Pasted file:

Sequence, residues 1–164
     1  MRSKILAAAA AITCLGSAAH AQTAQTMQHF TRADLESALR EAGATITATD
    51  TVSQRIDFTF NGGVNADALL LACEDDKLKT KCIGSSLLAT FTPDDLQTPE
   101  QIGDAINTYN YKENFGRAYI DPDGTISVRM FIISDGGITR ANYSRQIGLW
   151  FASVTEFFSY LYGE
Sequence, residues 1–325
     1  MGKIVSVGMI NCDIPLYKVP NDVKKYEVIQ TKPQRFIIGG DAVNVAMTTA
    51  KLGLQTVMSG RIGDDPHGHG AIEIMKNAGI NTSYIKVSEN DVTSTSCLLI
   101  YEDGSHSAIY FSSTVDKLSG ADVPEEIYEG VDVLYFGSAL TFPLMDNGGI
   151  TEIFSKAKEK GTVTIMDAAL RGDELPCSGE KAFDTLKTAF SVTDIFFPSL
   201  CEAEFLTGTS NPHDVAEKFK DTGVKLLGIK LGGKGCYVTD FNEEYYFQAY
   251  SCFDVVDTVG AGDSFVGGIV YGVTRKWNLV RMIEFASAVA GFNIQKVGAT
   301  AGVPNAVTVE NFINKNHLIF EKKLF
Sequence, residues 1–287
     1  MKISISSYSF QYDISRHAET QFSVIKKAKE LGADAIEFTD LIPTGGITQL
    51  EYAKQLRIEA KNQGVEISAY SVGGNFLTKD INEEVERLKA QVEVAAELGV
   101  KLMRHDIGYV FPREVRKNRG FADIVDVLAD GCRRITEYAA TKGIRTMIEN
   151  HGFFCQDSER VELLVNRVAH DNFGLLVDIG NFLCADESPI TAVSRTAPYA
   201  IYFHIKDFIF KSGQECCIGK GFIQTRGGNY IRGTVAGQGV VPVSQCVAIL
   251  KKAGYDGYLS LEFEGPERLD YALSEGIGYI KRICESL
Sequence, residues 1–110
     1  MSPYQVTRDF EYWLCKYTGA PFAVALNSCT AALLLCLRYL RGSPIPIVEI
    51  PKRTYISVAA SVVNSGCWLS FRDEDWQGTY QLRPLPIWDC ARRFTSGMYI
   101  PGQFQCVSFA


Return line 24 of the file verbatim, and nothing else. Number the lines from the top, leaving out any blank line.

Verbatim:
   101  PGQFQCVSFA